I’m 68, married for 40 years. This week I told my wife I was suffocating from several years of a lack of intimacy. I said that she could not expect me to forget about my sexuality — that’s a normal part of a person. Expecting no intimacy was like asking me to stop breathing.
I proposed that I change what I want, if she agrees to give in a bit, so that we can kiss and caress again. A little reluctantly, she accepted. I kissed her for a moment and caressed her legs. She let me, and I was so happy and moved. I told her that I loved her.
The next day I gave her several fast kisses on the lips and she made a face of disgust. I touched her leg with my hand under the table and she complained.
The next night I fell asleep before her, and when I woke up the next morning, she was glued to me. I was so happy that I wrote a poetic love letter describing the passion and desire I hoped she was feeling for me. I thought she would like what I wrote, but she was annoyed and said she was fed up with my complaints.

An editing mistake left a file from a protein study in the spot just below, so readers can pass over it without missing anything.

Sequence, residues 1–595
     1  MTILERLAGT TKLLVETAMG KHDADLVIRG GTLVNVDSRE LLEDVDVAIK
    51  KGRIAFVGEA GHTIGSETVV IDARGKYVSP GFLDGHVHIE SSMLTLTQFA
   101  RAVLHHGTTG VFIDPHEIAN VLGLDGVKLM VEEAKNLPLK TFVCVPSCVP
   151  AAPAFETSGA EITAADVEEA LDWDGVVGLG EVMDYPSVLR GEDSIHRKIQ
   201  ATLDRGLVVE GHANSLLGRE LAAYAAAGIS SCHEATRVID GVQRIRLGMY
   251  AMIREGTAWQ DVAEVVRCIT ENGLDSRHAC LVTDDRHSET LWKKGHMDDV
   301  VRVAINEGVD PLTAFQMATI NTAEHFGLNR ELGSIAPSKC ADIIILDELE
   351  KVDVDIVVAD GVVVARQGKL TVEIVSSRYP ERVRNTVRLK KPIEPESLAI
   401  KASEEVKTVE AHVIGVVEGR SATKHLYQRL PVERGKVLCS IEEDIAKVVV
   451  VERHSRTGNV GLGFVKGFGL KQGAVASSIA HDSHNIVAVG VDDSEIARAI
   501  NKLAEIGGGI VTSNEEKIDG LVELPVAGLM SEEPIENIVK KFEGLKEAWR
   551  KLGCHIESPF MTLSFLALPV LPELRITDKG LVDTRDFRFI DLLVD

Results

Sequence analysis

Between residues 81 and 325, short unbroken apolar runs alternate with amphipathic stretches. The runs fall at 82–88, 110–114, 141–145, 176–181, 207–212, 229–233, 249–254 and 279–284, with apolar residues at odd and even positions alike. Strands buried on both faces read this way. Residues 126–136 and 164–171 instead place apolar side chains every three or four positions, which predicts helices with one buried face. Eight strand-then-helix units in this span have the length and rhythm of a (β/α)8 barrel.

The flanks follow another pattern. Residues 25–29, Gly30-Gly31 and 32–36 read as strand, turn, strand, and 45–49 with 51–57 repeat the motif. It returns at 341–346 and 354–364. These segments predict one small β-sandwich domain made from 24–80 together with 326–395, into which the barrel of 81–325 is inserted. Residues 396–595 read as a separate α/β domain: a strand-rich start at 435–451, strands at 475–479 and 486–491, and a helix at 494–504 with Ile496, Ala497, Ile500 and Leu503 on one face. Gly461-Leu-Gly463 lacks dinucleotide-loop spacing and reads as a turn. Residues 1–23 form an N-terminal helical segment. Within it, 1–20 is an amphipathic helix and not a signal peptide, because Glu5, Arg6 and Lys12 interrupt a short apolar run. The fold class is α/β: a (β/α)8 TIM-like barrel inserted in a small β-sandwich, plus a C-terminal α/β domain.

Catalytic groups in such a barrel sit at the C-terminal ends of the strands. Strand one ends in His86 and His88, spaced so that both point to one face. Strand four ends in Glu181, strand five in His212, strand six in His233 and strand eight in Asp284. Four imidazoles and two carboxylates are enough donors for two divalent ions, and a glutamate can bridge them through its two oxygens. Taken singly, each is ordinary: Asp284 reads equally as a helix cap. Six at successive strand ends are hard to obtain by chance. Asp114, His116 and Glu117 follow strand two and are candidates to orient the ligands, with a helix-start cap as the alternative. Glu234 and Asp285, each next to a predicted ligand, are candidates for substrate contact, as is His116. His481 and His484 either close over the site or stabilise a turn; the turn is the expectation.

I write to you as I try to find the moment to kiss and caress her. She’s busy with things all day and into the night, and she doesn’t like it if I wake her.
“There’s a lack of intimacy in my marriage, what should I do?”
Just because you’ve been married for 40 years does not mean that the need for consent goes away. Instead of diving in for a kiss or leg caress, ask for consent first. I have a hunch that if you said, “You look so beautiful this morning — may I kiss you?” or “It would mean a lot to hug you for a few minutes — could we do that?” your wife might respond better.
But maybe not. You know from the response to your love letter that she’s defensive. Your first conversation about compromise was a good start, but now you need to have a dialogue that includes what she wants — not just what she doesn’t want — and what steps she’s willing to take towards more intimacy.
I can’t unravel your wife’s reasons or feelings, but it’s clear that the two of you need help communicating about this sensitive issue. You both interpret each other’s words and actions in a way the other did not intend. I strongly urge you to seek a sex-positive therapist or couple’s counselor to help you understand each other.